Friday, February 1, 2013

To MFA or Not to MFA?

I’m on a listserv of writing teachers, and the question recently came up of the value of MFA programs. Though none of us are questioning that people get a good education – and often great networking with publishing professionals – these programs can be expensive. Like $36,000 plus travel expenses for one of the best-known low residency children’s book writing MFA programs.

Obviously, that’s not realistic for everyone, especially if you don’t want to go into debt for your education. And although you occasionally hear about six-figure deals, advances for children’s books are much more likely to be in the $5000-$20,000 range. You’d have to sell several to make back the money you put into the MFA. There’s no guarantee you’ll sell a book just because you have an MFA, and I’ve heard of people getting so burned out and stop writing altogether.

So what if you feel like you need a better education – or the contacts that come with a respected MFA program?

On the list, we discussed other options. Kristi Holl said she interviewed MFA grads about what their program involved and how they learned the most. The three main components:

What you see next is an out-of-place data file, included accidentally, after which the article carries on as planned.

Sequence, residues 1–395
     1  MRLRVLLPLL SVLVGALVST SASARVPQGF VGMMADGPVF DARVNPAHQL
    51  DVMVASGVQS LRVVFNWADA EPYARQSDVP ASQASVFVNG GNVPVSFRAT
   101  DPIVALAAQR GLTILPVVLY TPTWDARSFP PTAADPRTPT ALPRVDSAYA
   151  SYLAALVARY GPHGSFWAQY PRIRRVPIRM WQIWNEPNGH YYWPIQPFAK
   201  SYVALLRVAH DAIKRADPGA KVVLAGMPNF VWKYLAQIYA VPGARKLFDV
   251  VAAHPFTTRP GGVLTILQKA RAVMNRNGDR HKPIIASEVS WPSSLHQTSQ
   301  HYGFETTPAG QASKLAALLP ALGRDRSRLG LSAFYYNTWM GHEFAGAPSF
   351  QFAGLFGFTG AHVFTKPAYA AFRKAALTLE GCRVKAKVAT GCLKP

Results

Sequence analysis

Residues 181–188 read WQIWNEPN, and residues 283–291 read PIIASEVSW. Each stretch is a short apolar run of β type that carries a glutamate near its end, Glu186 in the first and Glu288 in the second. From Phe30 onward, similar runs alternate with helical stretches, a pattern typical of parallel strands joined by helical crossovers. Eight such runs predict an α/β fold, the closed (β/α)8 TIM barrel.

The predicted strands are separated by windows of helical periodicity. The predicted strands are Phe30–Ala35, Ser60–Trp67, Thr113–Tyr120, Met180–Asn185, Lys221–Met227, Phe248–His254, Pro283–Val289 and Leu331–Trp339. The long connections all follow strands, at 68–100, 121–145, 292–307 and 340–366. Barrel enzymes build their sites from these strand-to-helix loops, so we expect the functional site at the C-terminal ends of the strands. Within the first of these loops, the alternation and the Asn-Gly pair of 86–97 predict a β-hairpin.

• Reading an extensive list of current and classic children’s books
  • Studying craft books
  • Writing and being critiqued

How about doing that on your own? You should be reading extensively anyway.

You can find many lists of “best” books. The American Library Association has many annual awards, including the Newbery (for middle grade books), Caldecott (for picture books), and Prinz (for young adult books). The international reading Association has the Children’s Choice Reading List. The Society of Children’s Book Writers and Illustrators has the Golden Kite Award and the Crystal Kite Award, which is based on a vote by peers. Visit your local bookstore or library, pick up a stack of books, read, and analyze – perhaps with A Copy of “Reading like a Writer“ or this online guide to “How to Read like a Writer.”

The craft books Kristi found most helpful include:


Other books which are favorites of writing teachers:
THE PLOT WHISPERER, by Martha Alderson
ADVANCED PLOTTING, by yours truly, Chris Eboch
SCENE & SEQUENCE, by Jack Bickham,

And that’s just a small selection of what’s available. You can also follow blogs on the craft of writing. One of my favorites for craft is Janice Hardy’s The Other Side of the Story. Many of the members of this blog also have individual sites. I’m no longer regularly posting new information, but you can see past posts on topics ranging from developing secondary characters to improving your pacing at my Write like a Pro blog.